“What time is are Uber coming?”
“The boys said there not going to get into the frat.”
“Holey Cow just dropped my phone in the toilet and it’s still working!!!”
“So your sure Wings Over Amherst still delivers at 4AM?
“Did I leave a pare of heels at your house?”
“It is way to difficult to type right now. Evan is going to right down my texts from now on.”
“I don’t know weather I should walk up the hill or get a cab to Van Meter.”
“I think I’m hear… Can you come outside?”
If you are guilty of sending any of these texts, it is a) Saturday Night and b) clear that homophones have got the best of you.
Homophones are different words which sound the same, but are not s-p-e-l-l-e-d the same. For example, the errors in the Saturday Night texts above are visually apparent on paper, but read the sentences aloud and they sound flawless (well, the content is admittedly still a bit concerning…). It’s not the pronunciation that’ll get you, it’s the spelling and meaning.
We’ve all witnessed that one ever-so-grammatically-correct Facebook friend post angrily about the abominable mistakes people make with “there, their, they’re” and “your vs. you’re.” These comments can be discouraging to your Average Joe, just trying to make ends meet in an unnecessarily complicated English-language-life. So next time Grammar Police Gretyl criticizes your innocent blunder, tell her, “Give me a brake BREAK” and send her a few pictures to turn that homophone hate to humor.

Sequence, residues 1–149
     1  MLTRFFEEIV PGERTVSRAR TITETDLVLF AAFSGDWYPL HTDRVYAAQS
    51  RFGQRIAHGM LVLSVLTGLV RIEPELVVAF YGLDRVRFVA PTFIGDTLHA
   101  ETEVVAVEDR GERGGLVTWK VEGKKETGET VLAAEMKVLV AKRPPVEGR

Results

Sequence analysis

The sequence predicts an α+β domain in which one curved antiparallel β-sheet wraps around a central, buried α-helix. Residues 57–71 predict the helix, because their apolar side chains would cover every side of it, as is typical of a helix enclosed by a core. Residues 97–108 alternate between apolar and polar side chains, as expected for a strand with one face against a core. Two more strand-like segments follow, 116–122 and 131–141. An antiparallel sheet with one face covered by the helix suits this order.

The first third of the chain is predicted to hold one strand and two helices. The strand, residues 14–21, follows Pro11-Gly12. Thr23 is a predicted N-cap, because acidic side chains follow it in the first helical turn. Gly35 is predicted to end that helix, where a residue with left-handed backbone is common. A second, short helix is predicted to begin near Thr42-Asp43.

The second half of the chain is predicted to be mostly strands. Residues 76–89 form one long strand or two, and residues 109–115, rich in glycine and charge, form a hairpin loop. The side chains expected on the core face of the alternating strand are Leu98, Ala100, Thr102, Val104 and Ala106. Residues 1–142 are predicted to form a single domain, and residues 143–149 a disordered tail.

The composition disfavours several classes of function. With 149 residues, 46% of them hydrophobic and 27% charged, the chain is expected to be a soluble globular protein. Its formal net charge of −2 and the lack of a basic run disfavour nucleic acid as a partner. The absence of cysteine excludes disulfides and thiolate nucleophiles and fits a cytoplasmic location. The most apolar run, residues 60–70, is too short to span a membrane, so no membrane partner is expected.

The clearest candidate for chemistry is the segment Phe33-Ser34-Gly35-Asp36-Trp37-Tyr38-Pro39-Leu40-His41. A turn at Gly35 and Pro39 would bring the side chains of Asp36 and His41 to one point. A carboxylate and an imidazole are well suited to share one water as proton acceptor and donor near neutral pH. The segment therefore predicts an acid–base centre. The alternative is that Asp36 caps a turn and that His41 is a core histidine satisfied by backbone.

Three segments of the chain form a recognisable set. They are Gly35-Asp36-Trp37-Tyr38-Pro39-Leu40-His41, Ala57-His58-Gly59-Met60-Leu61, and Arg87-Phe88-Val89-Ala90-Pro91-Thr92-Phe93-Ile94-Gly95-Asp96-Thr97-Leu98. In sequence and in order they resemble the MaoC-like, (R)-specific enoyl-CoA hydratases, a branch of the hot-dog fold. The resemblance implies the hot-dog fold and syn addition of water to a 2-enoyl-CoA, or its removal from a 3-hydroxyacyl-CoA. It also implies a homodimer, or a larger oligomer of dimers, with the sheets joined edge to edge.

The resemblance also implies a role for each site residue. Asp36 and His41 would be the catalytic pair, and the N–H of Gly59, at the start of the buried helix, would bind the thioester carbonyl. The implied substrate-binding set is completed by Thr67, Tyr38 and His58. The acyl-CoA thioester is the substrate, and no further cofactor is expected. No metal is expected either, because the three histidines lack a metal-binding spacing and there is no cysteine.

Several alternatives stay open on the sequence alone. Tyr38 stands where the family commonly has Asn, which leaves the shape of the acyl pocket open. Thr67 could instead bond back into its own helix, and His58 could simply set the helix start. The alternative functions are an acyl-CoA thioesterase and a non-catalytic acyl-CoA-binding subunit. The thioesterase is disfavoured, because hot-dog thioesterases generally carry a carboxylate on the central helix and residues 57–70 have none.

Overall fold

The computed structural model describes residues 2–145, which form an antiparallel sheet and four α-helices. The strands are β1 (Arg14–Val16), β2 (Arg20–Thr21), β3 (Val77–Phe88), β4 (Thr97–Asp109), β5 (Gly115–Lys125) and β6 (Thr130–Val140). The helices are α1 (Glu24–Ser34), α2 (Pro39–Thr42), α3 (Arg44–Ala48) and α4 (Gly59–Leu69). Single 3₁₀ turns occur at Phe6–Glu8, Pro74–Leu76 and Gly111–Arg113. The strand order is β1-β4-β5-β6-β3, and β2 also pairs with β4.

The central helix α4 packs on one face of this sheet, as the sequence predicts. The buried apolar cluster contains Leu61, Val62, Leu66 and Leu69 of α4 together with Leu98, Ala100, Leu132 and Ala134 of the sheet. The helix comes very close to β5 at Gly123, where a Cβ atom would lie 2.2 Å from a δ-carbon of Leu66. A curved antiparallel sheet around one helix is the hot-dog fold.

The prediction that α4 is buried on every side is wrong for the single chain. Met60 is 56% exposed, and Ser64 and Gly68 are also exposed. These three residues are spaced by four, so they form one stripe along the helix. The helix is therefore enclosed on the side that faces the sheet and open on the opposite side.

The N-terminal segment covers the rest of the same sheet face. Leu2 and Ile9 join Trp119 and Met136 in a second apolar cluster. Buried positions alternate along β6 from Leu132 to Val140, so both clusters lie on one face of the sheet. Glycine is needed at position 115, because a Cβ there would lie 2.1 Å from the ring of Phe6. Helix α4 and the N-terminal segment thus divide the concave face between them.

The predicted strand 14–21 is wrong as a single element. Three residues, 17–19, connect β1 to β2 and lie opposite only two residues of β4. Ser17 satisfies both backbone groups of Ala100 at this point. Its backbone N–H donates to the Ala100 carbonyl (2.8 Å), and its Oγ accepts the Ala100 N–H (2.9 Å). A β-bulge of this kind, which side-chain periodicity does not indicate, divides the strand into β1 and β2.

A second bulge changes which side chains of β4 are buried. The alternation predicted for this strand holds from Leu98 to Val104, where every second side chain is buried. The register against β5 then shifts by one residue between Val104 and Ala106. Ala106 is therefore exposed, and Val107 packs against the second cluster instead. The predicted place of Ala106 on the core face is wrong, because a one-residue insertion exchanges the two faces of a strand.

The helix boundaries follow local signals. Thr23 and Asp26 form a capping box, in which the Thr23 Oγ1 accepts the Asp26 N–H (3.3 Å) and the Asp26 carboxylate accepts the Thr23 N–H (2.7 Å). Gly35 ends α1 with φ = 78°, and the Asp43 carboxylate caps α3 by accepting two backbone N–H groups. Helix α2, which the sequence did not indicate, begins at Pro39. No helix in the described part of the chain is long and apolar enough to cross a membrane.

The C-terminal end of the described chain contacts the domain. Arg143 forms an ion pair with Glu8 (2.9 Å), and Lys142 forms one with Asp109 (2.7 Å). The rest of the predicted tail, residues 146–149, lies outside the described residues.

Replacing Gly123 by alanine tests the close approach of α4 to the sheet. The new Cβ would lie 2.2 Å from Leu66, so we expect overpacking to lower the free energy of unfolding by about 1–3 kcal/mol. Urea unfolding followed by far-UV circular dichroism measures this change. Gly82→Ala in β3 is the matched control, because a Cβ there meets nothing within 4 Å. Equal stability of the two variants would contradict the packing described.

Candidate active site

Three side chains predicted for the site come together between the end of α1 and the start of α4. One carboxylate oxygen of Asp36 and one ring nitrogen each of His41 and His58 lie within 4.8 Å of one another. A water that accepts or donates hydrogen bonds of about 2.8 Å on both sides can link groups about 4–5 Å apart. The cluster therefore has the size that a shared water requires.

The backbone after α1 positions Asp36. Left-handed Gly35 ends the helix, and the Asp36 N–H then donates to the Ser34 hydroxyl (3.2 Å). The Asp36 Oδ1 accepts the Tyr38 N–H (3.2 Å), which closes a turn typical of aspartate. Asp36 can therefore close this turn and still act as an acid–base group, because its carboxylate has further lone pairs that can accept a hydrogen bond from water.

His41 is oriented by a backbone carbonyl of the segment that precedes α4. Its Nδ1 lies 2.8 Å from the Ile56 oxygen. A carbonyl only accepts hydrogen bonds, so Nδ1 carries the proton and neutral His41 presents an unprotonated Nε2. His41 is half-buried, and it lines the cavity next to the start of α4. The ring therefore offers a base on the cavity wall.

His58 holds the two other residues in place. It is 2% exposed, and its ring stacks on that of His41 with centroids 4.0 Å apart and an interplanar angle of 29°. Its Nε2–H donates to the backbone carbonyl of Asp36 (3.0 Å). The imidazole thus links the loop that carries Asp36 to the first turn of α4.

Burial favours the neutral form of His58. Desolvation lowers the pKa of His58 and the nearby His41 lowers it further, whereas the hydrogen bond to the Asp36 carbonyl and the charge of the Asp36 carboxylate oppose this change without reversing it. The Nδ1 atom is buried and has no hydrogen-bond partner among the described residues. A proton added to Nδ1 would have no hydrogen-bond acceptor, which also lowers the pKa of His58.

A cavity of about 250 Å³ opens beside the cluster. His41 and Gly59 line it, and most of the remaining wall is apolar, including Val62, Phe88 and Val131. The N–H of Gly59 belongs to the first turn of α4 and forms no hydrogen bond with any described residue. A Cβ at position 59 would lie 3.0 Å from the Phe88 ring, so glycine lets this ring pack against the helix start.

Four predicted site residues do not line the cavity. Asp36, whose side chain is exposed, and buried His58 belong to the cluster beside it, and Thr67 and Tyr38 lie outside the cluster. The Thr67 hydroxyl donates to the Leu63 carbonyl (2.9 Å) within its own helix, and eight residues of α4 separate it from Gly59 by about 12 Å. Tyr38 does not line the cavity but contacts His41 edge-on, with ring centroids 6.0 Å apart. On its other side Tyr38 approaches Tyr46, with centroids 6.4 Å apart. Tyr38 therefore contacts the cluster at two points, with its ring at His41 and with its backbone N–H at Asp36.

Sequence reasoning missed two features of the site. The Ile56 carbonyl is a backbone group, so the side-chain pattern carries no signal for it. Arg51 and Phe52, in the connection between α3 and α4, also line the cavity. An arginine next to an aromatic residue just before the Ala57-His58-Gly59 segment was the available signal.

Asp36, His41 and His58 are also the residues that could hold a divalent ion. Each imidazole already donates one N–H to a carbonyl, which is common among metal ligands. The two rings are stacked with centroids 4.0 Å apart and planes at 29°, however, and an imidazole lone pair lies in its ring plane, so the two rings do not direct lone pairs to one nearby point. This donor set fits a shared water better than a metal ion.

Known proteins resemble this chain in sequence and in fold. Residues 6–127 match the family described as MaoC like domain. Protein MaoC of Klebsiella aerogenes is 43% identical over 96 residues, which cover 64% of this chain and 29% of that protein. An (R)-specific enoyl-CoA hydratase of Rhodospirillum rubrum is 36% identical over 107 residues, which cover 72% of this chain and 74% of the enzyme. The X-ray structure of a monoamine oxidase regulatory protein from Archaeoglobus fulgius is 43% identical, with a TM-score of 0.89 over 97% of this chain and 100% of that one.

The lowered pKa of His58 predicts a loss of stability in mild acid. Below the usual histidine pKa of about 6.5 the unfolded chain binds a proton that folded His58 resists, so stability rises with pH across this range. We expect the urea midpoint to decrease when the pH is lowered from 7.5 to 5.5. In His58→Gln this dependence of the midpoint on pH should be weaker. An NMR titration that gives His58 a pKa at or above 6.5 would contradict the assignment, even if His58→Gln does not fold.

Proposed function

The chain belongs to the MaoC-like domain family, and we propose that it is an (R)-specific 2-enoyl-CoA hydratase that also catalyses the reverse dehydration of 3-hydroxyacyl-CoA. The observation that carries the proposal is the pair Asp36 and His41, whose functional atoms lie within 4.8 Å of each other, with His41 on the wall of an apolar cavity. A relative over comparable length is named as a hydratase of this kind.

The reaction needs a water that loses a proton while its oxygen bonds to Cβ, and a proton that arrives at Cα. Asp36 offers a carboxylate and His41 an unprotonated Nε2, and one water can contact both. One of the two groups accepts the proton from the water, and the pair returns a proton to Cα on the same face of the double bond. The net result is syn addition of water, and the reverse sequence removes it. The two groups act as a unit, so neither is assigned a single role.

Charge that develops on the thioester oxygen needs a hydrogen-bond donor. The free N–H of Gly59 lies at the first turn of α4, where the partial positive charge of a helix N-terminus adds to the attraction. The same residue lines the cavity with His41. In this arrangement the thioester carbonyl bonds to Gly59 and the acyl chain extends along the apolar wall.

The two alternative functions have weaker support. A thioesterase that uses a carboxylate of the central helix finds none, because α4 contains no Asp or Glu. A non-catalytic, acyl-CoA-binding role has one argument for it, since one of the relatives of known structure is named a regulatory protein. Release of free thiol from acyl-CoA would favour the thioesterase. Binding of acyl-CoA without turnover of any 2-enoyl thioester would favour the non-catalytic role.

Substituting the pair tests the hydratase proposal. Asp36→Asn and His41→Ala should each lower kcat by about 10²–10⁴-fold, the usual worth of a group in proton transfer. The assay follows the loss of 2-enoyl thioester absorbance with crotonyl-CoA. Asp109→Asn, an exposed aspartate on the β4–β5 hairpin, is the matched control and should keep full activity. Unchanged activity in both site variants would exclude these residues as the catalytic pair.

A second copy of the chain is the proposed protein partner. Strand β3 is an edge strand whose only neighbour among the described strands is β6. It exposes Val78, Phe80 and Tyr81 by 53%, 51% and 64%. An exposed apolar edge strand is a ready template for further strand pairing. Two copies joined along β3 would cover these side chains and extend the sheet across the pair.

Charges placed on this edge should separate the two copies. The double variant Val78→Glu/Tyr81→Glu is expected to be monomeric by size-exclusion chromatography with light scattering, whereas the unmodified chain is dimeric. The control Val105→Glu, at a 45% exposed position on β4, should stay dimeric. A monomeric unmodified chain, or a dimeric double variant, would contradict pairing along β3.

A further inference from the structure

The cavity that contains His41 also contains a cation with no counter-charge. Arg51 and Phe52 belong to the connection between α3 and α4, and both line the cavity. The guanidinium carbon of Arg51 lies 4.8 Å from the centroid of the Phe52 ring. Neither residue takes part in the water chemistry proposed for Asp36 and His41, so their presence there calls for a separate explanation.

You could try asking Grammar Police Gretyl:
She might get a real kick out of that.
You could remind Gretyl that it’s an easy mistake:
And to ask herself a universally applicable question: What would Ryan Gosling say?
And you could even tell Gretyl that even the Most Interesting Man in the World has trouble with homophones.
Not always, though.
In the end, we’ll all make the occasional mix-up, so don’t let it effect AFFECT your confidence. It helps to know which part of speech a word represents. If you know that effect is almost always used as a noun, for example, you are less likely to misuse it in describing actions. The same is true for “are” and “our” – the first is a verb and the second an adjective.
Context and association are also helpful tools. If you can associate the Y in “dye” with a clothes hanger, you will be less likely to spell “die” when writing about clothes and fabrics.
It’s also important to notice and understand the significance of apostrophes, like the one in “they’re.” That way, you’ll realize you didn’t mean to say “they are Grandma” in response to, “Who is that old lady talking to those girls?”
So fear not! With a little practice, you will never again feel vary dumb.